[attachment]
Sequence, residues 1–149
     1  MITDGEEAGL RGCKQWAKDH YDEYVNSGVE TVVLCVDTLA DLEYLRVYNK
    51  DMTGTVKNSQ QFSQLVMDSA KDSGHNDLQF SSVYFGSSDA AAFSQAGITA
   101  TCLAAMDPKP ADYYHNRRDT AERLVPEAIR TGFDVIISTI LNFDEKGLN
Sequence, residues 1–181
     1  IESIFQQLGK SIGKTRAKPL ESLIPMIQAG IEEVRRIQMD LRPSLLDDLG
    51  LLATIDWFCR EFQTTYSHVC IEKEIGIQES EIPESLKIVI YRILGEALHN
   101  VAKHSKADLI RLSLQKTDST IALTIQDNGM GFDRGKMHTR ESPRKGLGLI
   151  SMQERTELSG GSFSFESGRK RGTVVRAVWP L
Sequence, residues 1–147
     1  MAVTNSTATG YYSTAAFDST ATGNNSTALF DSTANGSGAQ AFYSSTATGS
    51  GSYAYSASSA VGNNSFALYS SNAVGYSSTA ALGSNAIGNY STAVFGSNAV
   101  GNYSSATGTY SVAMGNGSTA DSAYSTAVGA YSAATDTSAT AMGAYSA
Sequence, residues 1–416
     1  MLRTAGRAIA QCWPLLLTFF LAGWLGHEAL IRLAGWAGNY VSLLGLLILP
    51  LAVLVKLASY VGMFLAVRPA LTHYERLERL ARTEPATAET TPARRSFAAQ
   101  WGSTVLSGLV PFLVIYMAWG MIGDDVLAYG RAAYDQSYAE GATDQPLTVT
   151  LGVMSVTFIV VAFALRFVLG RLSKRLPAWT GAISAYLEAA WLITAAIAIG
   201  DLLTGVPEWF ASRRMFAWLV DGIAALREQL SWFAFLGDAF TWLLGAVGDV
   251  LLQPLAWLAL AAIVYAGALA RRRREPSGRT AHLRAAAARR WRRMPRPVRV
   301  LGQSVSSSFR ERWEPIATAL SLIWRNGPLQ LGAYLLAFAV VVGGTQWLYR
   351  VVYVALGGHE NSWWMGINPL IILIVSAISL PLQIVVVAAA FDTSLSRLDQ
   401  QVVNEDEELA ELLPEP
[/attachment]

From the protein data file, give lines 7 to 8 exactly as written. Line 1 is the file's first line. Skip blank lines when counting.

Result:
    51  LLATIDWFCR EFQTTYSHVC IEKEIGIQES EIPESLKIVI YRILGEALHN
   101  VAKHSKADLI RLSLQKTDST IALTIQDNGM GFDRGKMHTR ESPRKGLGLI